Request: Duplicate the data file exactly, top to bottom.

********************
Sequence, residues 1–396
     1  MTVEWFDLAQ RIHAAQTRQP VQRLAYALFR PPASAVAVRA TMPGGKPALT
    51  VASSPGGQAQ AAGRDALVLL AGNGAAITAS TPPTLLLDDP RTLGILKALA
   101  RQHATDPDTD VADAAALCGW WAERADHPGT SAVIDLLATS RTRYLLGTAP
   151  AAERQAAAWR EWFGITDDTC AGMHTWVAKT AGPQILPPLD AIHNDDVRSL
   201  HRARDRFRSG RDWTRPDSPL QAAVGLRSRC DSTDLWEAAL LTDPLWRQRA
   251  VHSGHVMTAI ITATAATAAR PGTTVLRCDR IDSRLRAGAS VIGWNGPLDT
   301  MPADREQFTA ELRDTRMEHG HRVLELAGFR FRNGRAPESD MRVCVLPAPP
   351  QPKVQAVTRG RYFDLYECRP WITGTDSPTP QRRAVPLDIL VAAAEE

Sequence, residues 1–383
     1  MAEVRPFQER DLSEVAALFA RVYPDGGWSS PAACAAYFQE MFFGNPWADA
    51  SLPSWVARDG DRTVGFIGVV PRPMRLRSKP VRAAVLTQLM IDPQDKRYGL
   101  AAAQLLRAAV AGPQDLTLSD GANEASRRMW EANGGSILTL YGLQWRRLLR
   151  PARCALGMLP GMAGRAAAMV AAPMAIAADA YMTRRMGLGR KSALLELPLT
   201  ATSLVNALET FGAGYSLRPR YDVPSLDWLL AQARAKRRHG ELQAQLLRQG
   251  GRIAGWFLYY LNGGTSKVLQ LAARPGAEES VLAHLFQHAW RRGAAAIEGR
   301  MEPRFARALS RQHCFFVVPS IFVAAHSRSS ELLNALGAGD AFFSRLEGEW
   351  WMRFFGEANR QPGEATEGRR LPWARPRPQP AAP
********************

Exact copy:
Sequence, residues 1–396
     1  MTVEWFDLAQ RIHAAQTRQP VQRLAYALFR PPASAVAVRA TMPGGKPALT
    51  VASSPGGQAQ AAGRDALVLL AGNGAAITAS TPPTLLLDDP RTLGILKALA
   101  RQHATDPDTD VADAAALCGW WAERADHPGT SAVIDLLATS RTRYLLGTAP
   151  AAERQAAAWR EWFGITDDTC AGMHTWVAKT AGPQILPPLD AIHNDDVRSL
   201  HRARDRFRSG RDWTRPDSPL QAAVGLRSRC DSTDLWEAAL LTDPLWRQRA
   251  VHSGHVMTAI ITATAATAAR PGTTVLRCDR IDSRLRAGAS VIGWNGPLDT
   301  MPADREQFTA ELRDTRMEHG HRVLELAGFR FRNGRAPESD MRVCVLPAPP
   351  QPKVQAVTRG RYFDLYECRP WITGTDSPTP QRRAVPLDIL VAAAEE

Sequence, residues 1–383
     1  MAEVRPFQER DLSEVAALFA RVYPDGGWSS PAACAAYFQE MFFGNPWADA
    51  SLPSWVARDG DRTVGFIGVV PRPMRLRSKP VRAAVLTQLM IDPQDKRYGL
   101  AAAQLLRAAV AGPQDLTLSD GANEASRRMW EANGGSILTL YGLQWRRLLR
   151  PARCALGMLP GMAGRAAAMV AAPMAIAADA YMTRRMGLGR KSALLELPLT
   201  ATSLVNALET FGAGYSLRPR YDVPSLDWLL AQARAKRRHG ELQAQLLRQG
   251  GRIAGWFLYY LNGGTSKVLQ LAARPGAEES VLAHLFQHAW RRGAAAIEGR
   301  MEPRFARALS RQHCFFVVPS IFVAAHSRSS ELLNALGAGD AFFSRLEGEW
   351  WMRFFGEANR QPGEATEGRR LPWARPRPQP AAP